Aboleleng & Hema
20 September - 20 October 2007
The side gallery at Michael Stevenson presents two new works by Lerato Shadi, a young performance and video artist based in Johannesburg.
In Aboleleng we see a figure against a green background wearing an odd costume in a tone close to the woman's skin, suggesting full nudity. The figure in the video is Shadi herself. Shadi starts to pull a knitted string, hidden in the costume, from between her legs. An image of vulnerability and strength, Aboleleng considers the moment where our innermost ideas are set up for public scrutiny, like an artist first exhibiting new work. The woollen string itself is displayed on a plinth across from the video projection. The bright green background of the video soaks the room in an eerie glow; for those familiar with television production it is recognisable as the green screen used for adding images in postproduction. It suggests a space for projection of ideas onto the work, moving it from a deeply personal realm into a more public place.
Hema (or Six hours of out-breath captured in 792 balloons) takes a public space as its starting point. The work is based on footage of a performance staged by Shadi at the offices of the advertising agency Ogilvy in Cape Town. She relates the choice of context to the nature of the modern working environment, where our primary needs of proper breathing and physical posture are too easily forgotten. For the performance, the artist spent exactly six hours seated on the staircase in the centre of the building, exhaling every single breath into balloons. This feat was possible because of her experience with meditation and breathing techniques, but it left her physically and mentally exhausted. On top of this, her fingers developed bloody blisters from tying the balloons. By the end of the performance, a colourful collection of nearly 800 balloons had formed on and around the staircase, physically encapsulating six hours of Shadi's breath. For the video, Shadi has played with the editing process to capture the essence of the performance, rather than document it in its entirety. Like the green screen in Aboleleng, Hema's method of production indicates an awareness of and concern with the medium of video.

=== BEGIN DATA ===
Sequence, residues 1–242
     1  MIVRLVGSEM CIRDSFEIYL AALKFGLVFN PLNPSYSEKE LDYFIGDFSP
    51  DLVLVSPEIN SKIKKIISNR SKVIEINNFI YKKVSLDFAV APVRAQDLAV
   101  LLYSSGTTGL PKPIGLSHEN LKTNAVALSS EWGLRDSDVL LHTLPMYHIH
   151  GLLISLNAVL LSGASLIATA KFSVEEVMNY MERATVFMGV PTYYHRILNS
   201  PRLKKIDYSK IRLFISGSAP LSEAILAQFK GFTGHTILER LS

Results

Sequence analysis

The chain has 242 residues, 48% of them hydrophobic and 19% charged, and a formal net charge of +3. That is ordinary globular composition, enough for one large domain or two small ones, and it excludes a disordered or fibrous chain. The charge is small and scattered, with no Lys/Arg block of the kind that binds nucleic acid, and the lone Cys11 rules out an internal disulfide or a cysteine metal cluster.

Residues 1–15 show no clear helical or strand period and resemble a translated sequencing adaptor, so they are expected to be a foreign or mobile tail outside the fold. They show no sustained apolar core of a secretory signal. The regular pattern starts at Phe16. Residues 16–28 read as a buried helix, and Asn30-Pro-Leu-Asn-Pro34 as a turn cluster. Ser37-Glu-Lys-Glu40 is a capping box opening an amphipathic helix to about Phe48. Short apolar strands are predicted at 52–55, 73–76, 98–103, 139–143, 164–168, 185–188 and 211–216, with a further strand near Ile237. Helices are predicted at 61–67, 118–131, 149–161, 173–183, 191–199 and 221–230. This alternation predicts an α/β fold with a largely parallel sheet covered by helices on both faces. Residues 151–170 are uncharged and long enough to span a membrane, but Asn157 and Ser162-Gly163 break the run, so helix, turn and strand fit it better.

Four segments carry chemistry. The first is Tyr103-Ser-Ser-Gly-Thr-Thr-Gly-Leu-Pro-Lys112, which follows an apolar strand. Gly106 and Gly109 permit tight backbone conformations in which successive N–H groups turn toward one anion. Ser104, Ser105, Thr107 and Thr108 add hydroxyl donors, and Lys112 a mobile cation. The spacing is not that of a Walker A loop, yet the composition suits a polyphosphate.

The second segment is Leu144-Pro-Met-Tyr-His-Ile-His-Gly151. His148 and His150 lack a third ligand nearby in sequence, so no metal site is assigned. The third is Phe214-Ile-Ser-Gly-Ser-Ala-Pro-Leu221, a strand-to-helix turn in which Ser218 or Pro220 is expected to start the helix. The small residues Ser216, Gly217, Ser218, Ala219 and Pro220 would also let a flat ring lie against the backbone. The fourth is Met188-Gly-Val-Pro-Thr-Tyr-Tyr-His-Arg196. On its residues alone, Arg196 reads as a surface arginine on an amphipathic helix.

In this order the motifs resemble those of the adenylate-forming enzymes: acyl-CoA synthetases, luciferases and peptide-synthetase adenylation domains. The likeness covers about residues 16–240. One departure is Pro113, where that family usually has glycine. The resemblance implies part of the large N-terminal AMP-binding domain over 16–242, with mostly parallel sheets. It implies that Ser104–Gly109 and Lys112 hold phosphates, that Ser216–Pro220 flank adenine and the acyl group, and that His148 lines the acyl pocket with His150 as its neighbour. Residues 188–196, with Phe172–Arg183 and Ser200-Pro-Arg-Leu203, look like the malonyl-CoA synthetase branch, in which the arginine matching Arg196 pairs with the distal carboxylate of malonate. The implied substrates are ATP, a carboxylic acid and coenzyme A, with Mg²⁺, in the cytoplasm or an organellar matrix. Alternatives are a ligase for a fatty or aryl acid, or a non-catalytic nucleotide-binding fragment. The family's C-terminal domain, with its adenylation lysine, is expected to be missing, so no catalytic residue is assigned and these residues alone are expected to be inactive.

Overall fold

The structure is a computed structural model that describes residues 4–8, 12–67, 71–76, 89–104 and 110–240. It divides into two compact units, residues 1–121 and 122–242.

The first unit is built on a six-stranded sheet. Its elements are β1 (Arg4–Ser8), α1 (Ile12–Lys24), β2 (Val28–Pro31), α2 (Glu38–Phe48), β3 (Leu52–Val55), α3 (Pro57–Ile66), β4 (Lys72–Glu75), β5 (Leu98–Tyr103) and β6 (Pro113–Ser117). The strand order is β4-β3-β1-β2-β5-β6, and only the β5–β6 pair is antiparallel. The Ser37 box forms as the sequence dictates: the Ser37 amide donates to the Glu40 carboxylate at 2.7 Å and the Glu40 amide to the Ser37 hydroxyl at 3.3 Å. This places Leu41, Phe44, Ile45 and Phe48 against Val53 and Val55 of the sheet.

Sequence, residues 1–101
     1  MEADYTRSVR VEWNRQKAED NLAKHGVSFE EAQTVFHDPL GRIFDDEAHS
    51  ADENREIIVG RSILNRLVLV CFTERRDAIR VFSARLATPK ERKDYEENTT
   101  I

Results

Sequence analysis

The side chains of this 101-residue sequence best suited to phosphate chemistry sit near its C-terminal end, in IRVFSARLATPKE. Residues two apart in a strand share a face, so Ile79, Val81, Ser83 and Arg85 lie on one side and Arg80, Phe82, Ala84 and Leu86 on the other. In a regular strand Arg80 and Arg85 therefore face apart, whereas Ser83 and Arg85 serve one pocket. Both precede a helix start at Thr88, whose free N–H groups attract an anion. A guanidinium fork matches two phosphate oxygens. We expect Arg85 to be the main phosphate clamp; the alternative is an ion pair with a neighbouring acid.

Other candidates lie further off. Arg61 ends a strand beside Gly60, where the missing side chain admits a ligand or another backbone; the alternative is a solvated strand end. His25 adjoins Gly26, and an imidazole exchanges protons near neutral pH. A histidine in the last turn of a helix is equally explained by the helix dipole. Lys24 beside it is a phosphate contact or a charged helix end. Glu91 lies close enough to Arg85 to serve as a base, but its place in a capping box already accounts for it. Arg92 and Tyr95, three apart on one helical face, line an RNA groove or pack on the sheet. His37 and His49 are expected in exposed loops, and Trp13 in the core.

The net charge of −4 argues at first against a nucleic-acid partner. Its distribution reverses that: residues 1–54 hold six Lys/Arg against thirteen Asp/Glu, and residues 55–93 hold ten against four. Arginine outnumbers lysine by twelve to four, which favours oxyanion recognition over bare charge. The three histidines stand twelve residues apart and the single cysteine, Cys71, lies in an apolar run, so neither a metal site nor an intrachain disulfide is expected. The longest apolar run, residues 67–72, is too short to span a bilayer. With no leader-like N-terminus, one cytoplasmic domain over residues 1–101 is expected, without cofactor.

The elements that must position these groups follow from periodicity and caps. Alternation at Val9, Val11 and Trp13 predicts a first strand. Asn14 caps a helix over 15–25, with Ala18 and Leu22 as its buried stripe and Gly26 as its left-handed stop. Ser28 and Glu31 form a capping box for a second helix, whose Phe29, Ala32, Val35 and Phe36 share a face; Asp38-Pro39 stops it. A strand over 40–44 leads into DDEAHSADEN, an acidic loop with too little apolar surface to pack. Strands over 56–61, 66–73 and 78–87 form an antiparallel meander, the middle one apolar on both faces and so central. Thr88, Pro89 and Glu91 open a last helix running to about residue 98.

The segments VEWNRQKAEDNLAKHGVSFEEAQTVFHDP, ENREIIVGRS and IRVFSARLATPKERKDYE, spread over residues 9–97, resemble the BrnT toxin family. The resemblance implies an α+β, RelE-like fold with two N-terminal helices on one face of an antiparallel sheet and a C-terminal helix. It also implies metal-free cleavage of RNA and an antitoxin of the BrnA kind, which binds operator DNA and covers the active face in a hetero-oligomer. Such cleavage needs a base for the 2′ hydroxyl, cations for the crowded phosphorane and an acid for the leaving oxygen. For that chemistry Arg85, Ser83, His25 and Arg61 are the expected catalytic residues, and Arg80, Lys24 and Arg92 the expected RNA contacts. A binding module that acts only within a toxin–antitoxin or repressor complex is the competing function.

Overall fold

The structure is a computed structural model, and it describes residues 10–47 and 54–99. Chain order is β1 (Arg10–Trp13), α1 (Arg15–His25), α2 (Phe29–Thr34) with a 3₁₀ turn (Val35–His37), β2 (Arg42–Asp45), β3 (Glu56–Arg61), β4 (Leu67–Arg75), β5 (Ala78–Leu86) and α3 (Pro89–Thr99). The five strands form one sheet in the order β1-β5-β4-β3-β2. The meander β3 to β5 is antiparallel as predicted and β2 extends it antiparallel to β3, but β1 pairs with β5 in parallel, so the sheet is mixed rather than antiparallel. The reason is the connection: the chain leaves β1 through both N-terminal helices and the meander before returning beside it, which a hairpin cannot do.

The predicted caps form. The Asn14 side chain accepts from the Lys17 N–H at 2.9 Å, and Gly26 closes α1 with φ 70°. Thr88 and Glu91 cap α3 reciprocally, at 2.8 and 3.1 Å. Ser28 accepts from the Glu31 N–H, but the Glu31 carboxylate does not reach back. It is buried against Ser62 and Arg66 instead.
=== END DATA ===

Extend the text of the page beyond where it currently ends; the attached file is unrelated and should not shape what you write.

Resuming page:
Shadi graduated from Johannesburg University in 2006 with a B-Tech honours degree. She lives and works in Johannesburg.
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